18 May 2011 by Lucy

Ever wondered who spotted the likes of Keegan, Toshack and Hansen and brought them to Liverpool?

Bill Shankly and Bob Paisley are rightly credited for turning Liverpool Football Club into a winning side during the 1960s, 70s and 80s, but few people know about the major role played by Geoff Twentyman, the club’s chief scout from 1967 to 1985.

A former Anfield player, Twentyman was recruited into the boot room team by Shankly and went on to unearth a host of world-famous stars that helped to maintain the Reds’ position as one of Europe’s greatest teams during a glittering era that saw them claim the Football League championship 18 times. Read more…

Liverpool’s Chinese community during the Blitz

4 May 2011 by Lucy

Francesca Aiken, Assistant Exhibition Curator for the Global City Gallery in the new Museum of Liverpool writes:


Seventy years since the May Blitz, the spirit of Pitt Street lives on.

 

Seventy years ago this month, a devastating aerial bombardment struck Liverpool, ending lives, demolishing homes and displacing whole communities. It is in tribute to “the spirit of an unconquered people” that Liverpool’s Anglo-Chinese community were part of the effort to keep calm and carry on, piecing back together not just buildings but homes and livelihoods.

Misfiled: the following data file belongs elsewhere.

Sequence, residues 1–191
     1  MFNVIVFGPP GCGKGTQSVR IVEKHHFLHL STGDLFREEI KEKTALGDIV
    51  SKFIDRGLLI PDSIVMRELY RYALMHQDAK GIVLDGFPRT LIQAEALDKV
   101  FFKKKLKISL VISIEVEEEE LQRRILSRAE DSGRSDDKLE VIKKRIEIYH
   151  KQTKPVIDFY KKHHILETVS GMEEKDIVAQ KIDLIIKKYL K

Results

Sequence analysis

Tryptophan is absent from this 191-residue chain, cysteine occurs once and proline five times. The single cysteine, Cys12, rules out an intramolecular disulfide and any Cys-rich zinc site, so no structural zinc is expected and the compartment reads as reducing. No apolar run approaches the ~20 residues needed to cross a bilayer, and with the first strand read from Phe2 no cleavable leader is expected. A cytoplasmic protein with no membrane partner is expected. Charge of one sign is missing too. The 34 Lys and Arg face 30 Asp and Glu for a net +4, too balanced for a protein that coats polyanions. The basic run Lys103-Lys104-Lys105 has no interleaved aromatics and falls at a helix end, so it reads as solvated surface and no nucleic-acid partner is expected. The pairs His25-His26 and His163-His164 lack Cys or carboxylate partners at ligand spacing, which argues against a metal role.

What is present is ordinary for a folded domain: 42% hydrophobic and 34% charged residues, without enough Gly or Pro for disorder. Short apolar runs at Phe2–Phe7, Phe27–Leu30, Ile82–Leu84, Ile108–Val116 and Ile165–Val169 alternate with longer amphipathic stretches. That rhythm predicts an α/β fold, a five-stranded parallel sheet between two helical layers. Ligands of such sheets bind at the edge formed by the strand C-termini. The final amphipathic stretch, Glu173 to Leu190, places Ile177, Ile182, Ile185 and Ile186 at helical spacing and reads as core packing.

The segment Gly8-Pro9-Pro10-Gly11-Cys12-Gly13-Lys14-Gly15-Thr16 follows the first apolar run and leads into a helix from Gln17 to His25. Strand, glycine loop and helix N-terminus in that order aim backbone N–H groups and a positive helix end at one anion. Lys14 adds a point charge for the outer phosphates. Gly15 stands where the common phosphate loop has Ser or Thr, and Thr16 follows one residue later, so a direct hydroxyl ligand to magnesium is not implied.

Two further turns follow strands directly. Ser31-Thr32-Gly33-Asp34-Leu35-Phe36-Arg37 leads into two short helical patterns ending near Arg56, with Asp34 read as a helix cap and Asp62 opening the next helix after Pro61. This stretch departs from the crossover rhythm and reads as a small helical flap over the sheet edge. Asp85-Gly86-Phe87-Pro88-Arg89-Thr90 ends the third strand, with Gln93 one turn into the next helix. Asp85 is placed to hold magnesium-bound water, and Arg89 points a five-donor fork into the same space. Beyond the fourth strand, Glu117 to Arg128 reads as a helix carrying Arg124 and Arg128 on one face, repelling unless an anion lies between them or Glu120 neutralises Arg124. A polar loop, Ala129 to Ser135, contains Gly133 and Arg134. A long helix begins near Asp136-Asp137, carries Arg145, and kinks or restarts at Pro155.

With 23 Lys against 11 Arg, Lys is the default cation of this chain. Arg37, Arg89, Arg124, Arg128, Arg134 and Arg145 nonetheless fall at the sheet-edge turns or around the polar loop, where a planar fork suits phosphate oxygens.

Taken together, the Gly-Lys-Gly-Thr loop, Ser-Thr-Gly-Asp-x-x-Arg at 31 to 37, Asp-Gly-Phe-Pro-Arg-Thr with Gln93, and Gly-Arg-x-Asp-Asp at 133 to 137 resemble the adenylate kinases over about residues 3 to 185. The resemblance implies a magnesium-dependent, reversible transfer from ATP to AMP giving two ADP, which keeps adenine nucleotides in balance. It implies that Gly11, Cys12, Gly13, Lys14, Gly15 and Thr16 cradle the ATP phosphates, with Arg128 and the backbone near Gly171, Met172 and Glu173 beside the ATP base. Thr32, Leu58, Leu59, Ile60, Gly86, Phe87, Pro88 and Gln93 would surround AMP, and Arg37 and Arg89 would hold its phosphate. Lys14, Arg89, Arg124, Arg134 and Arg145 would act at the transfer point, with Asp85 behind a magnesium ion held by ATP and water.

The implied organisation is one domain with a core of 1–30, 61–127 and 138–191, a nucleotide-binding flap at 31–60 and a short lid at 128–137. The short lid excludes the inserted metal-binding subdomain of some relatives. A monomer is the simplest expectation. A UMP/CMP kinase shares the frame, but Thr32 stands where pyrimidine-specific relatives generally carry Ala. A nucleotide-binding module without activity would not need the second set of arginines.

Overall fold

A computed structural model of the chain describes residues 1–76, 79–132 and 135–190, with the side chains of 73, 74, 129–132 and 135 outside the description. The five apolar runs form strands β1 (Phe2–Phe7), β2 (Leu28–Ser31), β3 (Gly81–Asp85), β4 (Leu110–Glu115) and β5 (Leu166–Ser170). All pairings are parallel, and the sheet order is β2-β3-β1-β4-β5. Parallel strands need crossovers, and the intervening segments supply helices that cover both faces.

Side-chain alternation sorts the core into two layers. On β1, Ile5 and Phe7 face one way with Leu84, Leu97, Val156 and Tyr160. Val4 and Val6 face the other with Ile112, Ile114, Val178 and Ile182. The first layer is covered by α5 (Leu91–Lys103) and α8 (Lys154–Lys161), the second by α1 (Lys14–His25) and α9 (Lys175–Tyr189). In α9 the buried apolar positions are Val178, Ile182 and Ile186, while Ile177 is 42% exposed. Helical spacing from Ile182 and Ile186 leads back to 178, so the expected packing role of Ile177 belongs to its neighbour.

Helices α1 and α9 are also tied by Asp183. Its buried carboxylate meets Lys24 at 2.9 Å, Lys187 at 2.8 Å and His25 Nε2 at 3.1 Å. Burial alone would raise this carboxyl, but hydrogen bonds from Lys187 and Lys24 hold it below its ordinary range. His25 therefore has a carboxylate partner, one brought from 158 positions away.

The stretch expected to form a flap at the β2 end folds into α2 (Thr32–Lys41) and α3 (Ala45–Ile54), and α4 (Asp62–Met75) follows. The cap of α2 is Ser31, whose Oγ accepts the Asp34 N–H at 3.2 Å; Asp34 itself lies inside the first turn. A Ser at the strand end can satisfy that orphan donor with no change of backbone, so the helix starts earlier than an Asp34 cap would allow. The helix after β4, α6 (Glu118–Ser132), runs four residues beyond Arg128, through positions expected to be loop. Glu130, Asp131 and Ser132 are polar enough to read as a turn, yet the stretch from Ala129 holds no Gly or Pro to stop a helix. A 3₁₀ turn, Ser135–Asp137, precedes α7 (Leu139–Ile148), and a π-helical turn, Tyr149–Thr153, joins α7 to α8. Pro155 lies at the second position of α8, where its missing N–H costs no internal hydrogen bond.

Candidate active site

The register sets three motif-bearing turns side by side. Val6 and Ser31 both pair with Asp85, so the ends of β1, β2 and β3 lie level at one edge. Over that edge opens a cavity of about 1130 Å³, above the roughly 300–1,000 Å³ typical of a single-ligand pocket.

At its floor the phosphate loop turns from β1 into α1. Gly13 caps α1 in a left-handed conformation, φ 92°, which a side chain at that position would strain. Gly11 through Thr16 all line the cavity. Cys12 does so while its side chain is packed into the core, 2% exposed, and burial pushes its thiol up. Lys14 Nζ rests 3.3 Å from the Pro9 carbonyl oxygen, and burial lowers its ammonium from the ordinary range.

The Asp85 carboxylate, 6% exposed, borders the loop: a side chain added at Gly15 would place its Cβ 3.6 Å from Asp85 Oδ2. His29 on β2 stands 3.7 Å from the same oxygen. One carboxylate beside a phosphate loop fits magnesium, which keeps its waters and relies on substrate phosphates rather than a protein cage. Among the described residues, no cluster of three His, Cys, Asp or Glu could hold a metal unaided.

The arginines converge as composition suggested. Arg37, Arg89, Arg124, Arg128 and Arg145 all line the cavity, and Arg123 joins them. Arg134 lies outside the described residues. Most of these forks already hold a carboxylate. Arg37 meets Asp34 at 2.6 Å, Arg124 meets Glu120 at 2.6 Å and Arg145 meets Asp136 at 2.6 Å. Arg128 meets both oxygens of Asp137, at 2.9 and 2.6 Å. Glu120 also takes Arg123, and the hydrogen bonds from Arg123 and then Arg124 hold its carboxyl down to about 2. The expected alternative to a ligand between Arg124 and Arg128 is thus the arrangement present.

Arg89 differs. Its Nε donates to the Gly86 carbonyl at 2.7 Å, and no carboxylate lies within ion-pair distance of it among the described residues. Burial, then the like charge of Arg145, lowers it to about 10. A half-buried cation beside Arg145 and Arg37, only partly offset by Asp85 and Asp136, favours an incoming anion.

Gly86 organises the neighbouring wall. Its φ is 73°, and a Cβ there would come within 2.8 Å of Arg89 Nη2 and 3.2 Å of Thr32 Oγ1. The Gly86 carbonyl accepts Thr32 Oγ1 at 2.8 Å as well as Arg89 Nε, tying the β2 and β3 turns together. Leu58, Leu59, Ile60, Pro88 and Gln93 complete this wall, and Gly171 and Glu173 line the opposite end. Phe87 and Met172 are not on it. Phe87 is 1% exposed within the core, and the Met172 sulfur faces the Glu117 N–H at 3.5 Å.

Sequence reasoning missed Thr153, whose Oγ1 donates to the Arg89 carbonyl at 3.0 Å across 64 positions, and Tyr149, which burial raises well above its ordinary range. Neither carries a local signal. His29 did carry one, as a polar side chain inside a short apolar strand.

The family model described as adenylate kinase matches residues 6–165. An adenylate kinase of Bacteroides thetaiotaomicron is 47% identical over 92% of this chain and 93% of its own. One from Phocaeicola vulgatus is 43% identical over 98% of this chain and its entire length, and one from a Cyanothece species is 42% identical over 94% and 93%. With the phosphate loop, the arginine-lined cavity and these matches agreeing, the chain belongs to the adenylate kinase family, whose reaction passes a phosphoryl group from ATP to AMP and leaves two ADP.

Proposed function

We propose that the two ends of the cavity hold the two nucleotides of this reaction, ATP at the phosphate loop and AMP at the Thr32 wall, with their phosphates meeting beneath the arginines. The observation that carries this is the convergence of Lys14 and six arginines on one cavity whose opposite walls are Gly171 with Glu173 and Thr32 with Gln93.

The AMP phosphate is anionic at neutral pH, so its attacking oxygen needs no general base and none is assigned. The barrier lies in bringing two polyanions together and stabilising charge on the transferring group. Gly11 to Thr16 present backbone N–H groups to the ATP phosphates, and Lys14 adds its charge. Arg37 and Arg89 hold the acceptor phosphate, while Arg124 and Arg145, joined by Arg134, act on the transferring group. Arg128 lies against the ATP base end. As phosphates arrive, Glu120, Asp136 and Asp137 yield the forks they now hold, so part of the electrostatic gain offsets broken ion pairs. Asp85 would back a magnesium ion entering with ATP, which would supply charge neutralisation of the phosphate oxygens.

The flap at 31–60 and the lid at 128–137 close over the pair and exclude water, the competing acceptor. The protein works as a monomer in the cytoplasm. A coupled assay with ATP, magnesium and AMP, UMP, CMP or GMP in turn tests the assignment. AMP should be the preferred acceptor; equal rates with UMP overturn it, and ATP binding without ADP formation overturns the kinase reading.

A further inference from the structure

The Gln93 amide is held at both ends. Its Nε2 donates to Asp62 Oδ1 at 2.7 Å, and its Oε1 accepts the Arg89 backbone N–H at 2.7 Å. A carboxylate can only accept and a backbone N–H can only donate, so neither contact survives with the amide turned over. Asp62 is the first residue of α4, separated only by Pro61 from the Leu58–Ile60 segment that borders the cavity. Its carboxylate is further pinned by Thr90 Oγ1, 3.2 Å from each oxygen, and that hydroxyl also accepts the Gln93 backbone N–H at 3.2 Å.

Pitt Street, 1915, shaped by tall converted warehouse buildings and cobbled streets, stretches out under the constant watch of St Michaels Church spire, busy with dozens of Chinese businesses, from boarding houses to grocers and tobacconists. This was the birthplace of Liverpool’s Chinese community, the destination for seamen from all over the world including Spain, the Philippines, Italy, the West Indies and Scandinavia – to name just a few. To the people who lived and grew up there, this was ‘world’s end.’ Pitt Street was the place to go, bustling with shops and cafes all within easy reach of the docks. Kwong Shang Lung was one of the city’s earliest grocers to specialise in Chinese food, trading from 1915 until the bombs fell in 1941. Read more…